The family returned to the U.S.A., where they made their home in Marlborough, NH, where Lucie taught English as a Second Language in schools in the Keene School District until her retirement in 2004. She took up trombone during this period and enjoyed playing it in the Westmoreland Town Band for 18 years. As a result of her enthusiasm playing with the band, she co-wrote a book with Jerry to encourage other adults to get involved in music making. She also wrote two published books dealing with English as a Second Language.
Lucie is survived by her husband, Jerry, a son, Max and his wife, Anya, and their son, Miles, of Florence, MA, a daughter, Lucinda and her husband Rob, of Seattle, WA, and a brother, Luther Barber and his wife, Miriam, of Needham, MA. .
Lucie wanted to be remembered by the words of Edith Piaf, Non, je ne regretted rien (no, I regret nothing). A memorial service in the manner of a Quaker meeting will be held at 3:00pm on Wednesday, August 25 at the Marlborough Community Center, Main St., Marlborough, NH. A second service will be held for the family’s many relatives and friends in Utah at a later date.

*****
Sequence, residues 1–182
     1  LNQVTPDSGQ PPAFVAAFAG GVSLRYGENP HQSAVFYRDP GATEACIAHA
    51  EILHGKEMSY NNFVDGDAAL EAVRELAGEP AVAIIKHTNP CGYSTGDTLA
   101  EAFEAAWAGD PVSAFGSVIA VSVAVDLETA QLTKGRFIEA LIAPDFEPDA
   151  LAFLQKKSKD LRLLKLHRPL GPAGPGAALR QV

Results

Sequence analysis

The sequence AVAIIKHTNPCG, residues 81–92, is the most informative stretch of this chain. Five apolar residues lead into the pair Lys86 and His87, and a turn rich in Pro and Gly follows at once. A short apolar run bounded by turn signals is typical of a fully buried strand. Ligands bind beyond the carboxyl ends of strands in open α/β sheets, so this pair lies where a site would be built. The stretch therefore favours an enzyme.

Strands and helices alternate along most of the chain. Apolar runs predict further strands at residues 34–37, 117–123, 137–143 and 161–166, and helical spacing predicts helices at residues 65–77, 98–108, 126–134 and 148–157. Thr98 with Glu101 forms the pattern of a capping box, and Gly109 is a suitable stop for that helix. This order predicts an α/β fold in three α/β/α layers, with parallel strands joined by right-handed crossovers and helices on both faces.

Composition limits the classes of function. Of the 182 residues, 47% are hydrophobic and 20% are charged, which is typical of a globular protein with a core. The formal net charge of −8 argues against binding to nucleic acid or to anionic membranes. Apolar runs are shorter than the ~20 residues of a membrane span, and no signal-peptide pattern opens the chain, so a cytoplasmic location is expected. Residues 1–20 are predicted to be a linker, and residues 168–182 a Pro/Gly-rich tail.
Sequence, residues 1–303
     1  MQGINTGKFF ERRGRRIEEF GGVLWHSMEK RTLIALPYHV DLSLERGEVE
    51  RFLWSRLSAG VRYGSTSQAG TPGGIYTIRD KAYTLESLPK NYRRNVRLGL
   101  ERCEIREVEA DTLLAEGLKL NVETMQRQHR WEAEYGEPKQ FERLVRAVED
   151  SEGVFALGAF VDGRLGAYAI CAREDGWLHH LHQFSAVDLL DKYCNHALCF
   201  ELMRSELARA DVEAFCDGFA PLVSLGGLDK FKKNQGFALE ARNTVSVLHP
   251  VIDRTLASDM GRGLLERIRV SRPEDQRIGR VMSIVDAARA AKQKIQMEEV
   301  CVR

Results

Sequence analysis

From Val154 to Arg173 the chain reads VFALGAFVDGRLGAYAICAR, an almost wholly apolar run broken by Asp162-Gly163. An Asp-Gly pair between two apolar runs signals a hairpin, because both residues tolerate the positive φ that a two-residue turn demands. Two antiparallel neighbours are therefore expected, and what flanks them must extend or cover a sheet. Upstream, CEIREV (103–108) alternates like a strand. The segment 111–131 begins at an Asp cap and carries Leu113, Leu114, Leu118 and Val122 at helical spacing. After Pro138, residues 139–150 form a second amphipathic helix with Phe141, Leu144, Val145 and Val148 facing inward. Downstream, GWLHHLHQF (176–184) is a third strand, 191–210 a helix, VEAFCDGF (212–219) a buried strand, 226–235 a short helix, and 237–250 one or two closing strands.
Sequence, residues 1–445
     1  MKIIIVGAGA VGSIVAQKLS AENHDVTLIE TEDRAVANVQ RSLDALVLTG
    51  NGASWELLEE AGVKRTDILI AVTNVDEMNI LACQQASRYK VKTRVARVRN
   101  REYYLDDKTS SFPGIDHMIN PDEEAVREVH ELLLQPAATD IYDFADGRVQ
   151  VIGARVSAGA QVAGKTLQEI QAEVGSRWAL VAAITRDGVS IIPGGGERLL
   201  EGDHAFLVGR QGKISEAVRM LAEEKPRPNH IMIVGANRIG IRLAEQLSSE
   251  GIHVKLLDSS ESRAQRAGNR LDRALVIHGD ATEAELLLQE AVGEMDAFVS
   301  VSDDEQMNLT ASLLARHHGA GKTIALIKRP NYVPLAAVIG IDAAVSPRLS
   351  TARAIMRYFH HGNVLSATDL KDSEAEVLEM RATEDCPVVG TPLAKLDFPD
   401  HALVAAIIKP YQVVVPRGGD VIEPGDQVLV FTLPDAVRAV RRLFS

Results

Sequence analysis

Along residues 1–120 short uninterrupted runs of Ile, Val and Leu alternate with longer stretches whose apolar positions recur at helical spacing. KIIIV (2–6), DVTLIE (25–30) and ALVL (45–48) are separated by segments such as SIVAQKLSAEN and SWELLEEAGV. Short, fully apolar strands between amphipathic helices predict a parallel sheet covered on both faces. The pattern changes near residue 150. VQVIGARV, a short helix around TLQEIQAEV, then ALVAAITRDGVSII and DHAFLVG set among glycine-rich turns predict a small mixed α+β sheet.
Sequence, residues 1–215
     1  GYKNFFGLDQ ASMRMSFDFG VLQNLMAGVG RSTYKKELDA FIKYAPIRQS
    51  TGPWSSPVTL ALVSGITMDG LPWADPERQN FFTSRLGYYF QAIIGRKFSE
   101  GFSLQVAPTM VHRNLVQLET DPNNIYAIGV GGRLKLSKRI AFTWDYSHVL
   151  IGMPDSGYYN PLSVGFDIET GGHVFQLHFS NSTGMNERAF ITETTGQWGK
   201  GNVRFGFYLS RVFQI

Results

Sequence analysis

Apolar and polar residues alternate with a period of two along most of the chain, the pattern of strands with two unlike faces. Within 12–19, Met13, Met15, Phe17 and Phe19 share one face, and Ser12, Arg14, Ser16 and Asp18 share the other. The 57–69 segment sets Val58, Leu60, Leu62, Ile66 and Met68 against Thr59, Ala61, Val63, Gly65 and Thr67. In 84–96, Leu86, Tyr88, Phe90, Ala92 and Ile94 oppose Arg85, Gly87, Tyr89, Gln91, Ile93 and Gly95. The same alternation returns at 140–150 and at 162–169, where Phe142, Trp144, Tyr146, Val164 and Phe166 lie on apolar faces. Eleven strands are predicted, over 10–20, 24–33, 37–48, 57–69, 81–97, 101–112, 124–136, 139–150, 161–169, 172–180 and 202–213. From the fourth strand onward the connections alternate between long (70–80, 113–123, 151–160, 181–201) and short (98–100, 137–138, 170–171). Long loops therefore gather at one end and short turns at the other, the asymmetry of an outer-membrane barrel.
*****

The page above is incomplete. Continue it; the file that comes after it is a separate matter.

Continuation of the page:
The family requests that, in lieu of flowers, contributions be made to the Pancreatic Cancer Action Network,

Monday, August 16, 2010


Lucinda guest blogging here, I thought I'd give you all an update. Since the last post Lucie has declined pretty significantly. Fortunately she is in no pain, and at the moment resting comfortably. Over the last 48 hours she has gotten increasingly disoriented, confused and agitated. Last night was a tough night for sleeping because she was moving around and sitting up quite often, and talking at regular intervals.
The hospice nurse put her on a new drug regimen that seems to have helped with the restlessness, and she got a massage from a hospice volunteer which I think she enjoyed. There was even an impromptu singing session with Mary, myself and the hospice nurse, and Lucie sang along.
She still has moments of clarity, and smiles when you walk into the room. Sometimes she'll be sleeping and have a huge, beautiful smile on her face, so I think she's having good dreams.